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Thank teachers for education research

By September 28, 2012June 13th, 201610 Comments

Research teacher blog

Researchers and educators hear a lot about the importance of experimental research, but experimental studies can seem like expensive efforts just to answer “Did it work?” especially if it the answer is “no.” Fortunately, because of the teachers who participated in one experimental study, we didn’t have to stop at no. We were able to go on and ask “why didn’t it work?” and “what can we study now?”

In 2006–2011, we evaluated a textbook-based professional development program in classroom assessment. The study featured an instrument designed to measure teachers’ classroom assessment practices by systematically collecting and rating samples of student work. Teachers sent in four examples of anonymous, assessed student work that included their feedback and a cover sheet that asked them to describe the assignment and how it was assessed. While teachers in the treatment group increased their assessment knowledge and their use of student-involved assessment, student mathematics scores did not increase relative to the control group. Therefore, the answer to “Did it work?” was “mostly no.”

However, during the study, we heard spontaneous feedback from participating teachers that they wanted to see others’ work samples. Some teachers mentioned that the assessment textbook presented few examples from mathematics, so although they felt they could apply the formative assessment techniques to language arts and social studies, it was more difficult with mathematics. They commented that peer review of mathematics assessments could be more effective and could sustain greater interest over time than studying a textbook. This feedback got us thinking about the next step—developing a new professional development program in formative assessment for middle school mathematics called AWSM (Assessment Work Sample Method). It is job-embedded, mathematics-specific, and features supportive peer review of authentic work samples. We’re just getting started with a pilot school now and are excited to see how the program develops.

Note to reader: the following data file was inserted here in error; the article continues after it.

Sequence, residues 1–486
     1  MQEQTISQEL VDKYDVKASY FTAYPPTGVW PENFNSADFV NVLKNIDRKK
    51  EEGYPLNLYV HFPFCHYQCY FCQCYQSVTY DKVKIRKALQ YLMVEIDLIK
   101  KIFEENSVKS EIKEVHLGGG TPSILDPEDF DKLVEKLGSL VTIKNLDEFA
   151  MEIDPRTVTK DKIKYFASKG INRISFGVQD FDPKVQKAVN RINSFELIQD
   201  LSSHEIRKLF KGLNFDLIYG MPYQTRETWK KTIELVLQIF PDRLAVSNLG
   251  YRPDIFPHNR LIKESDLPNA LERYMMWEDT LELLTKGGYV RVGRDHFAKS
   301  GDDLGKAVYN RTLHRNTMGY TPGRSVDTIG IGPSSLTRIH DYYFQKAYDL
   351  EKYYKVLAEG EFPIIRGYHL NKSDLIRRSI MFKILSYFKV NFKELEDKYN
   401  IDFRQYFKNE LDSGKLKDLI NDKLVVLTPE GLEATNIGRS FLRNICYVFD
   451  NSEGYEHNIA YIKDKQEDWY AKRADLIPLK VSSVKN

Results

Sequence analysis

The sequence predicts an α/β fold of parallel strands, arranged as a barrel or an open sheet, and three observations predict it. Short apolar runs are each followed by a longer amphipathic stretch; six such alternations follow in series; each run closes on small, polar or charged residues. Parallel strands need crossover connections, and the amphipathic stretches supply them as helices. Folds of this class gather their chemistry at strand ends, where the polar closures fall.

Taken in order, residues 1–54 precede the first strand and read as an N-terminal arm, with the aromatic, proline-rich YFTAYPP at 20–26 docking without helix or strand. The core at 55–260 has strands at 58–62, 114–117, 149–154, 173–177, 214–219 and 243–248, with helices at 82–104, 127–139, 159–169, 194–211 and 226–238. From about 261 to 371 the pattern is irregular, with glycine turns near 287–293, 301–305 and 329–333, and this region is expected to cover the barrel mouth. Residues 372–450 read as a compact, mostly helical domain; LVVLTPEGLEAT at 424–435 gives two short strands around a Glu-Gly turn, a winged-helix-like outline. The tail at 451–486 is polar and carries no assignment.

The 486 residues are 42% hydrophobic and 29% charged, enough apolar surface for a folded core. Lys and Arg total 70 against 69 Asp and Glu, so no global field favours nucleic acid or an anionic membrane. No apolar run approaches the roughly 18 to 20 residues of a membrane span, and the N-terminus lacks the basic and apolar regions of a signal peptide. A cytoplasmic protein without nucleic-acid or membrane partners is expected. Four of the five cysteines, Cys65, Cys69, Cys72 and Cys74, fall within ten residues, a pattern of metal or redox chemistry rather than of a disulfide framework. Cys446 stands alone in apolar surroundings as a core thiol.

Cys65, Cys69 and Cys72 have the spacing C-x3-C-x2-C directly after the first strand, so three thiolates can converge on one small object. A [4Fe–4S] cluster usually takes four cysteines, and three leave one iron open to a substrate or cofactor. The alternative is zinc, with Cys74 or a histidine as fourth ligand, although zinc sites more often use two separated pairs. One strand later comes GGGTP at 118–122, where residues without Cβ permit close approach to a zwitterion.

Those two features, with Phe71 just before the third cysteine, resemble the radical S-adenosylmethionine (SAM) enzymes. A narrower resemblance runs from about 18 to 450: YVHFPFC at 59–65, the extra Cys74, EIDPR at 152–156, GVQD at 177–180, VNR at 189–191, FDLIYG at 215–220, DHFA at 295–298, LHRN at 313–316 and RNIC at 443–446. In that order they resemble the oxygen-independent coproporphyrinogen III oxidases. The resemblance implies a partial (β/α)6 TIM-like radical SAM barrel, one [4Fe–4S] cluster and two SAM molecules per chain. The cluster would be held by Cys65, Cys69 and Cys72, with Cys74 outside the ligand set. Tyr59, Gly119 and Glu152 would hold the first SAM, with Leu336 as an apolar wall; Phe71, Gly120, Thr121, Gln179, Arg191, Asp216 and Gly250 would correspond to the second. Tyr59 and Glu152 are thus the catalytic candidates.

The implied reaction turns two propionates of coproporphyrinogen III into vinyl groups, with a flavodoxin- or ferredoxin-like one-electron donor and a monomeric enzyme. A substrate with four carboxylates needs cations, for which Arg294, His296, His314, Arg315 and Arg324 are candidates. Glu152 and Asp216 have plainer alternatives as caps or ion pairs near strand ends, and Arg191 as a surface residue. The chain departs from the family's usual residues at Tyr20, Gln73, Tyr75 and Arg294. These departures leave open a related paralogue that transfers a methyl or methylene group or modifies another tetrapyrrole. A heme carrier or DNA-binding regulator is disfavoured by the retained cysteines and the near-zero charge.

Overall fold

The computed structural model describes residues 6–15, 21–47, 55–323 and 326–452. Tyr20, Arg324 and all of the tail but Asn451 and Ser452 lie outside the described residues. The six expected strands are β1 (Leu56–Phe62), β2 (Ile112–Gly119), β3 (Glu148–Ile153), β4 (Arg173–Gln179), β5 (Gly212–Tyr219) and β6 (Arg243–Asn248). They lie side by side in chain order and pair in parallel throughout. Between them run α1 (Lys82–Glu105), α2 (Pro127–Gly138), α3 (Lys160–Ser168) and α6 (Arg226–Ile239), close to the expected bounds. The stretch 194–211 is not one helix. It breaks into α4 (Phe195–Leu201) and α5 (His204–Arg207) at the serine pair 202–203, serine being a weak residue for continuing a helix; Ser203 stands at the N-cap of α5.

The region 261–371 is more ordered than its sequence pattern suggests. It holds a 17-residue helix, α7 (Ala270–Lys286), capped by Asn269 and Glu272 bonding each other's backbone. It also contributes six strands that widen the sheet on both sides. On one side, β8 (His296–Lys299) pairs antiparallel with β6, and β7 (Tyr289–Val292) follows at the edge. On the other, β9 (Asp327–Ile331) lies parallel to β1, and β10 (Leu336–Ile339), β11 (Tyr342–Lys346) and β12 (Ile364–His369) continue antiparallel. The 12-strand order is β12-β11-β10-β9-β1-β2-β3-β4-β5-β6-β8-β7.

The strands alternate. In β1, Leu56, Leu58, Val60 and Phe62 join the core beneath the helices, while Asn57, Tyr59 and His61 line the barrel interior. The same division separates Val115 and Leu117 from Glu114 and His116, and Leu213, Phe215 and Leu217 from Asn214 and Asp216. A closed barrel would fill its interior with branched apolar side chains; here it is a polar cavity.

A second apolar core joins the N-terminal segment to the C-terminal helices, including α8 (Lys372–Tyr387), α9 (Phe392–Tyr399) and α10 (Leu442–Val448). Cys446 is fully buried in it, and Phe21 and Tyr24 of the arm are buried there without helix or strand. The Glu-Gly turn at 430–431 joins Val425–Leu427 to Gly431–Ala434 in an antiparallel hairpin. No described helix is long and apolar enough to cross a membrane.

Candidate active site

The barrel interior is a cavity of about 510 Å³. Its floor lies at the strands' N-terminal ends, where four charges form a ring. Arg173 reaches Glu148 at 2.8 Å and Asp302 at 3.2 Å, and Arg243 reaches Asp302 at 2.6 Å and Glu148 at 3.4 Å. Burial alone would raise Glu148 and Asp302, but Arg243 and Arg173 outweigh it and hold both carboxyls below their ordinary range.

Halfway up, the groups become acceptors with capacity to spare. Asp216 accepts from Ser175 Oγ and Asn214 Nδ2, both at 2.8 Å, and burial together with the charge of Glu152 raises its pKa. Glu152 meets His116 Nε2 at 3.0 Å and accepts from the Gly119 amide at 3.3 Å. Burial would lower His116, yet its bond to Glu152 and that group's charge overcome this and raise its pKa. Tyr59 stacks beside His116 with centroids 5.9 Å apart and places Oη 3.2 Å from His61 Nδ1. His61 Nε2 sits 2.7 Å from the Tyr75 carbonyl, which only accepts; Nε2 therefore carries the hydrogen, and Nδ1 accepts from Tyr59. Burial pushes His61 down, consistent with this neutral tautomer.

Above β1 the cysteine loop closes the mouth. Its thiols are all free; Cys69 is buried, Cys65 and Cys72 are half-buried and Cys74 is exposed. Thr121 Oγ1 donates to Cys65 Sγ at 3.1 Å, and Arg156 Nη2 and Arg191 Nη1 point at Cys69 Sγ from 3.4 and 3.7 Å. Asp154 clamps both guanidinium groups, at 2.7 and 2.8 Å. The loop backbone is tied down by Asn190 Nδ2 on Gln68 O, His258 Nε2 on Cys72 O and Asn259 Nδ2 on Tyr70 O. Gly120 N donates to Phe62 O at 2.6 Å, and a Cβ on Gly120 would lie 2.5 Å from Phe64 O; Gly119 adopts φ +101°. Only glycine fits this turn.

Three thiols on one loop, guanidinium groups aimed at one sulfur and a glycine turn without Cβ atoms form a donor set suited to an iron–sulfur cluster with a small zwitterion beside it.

We are always grateful to teachers who participate in our studies. Taking extra time to participate in data collection for research is only one of many ways that teachers demonstrate their commitment to the education profession. Researchers would know very little about education without the teachers everywhere who graciously allow us into their classrooms or fill out surveys and participate in  interviews. They also help us figure out what’s next when we’re searching for answers after an study.

If you’re a teacher or school administrator, have you participated in a research study? What was your experience with it? What makes you decide to participate?

Written by Andrea Beesley, McREL senior director in research & evaluation.

McREL is a non-profit, non-partisan education research and development organization that since 1966 has turned knowledge about what works in education into practical, effective guidance and training for teachers and education leaders across the U.S. and around the world.


  • Tanya Finger says:

    My school district attempted to evaluate student work in various levels of readiness in order to critically increase the scores and authentic assessments for our students. The implementation of formative assessments, which are relevant and rigorous enough to meet the standards, are essential to student achievement particularly in mathematics. I’m interested to know that your first attempt didn’t work, however, you initiated changes to improve through interventions. Please let me know if the new measures and data strategies work with student achievement, so I can share with my PLC’s.

  • Taking extra time to participate in data collection for research is only one of many ways that teachers demonstrate their commitment to the education profession.Researchers and educators hear a lot about the importance of experimental research, but experimental studies .

  • Everytime we need to give thanks to our teachers. Because they do some good research and provide us good education.

  • Andrea Beesley says:

    Tanya, in the professional development program we’re developing, we’re conceiving of formative assessment as something that infuses the entire learning process. We’re hoping that teachers who are selecting and communicating learning goals, aligning those goals to appropriate tasks and assessment criteria, and providing descriptive feedback that involves students in assessment will see an increase in student achievement. We will have some results shortly after the end of this year that we can share!

  • Very true Teachers have high knowledge and focus on what we need to improve..So Everytime we need to give thanks to our teachers!

  • I believe that many of teacher are really doing their best even sometimes they are failing.I agree we always as why for it.In Helsinki Finland many of teacher in training courses are really professional which they give their student a good education background and for me i love that.

  • Without them, we will not learn and have the knowledge of a certain thing or topic. We should thanks them especially in research activities.

  • Modern education reforms are increasingly driven by a growing understanding of what works in education and how to go about successfully improving teaching and learning in schools.

  • I believed that a student success will begin from that great help of our teacher. They have fully exerted their effort on teaching on us just to make sure that we will be able to learn different subjects that is important in our study.

  • Akram Khan says:

    Yeah with true teachers help we can make it possible about research and good research work emerge

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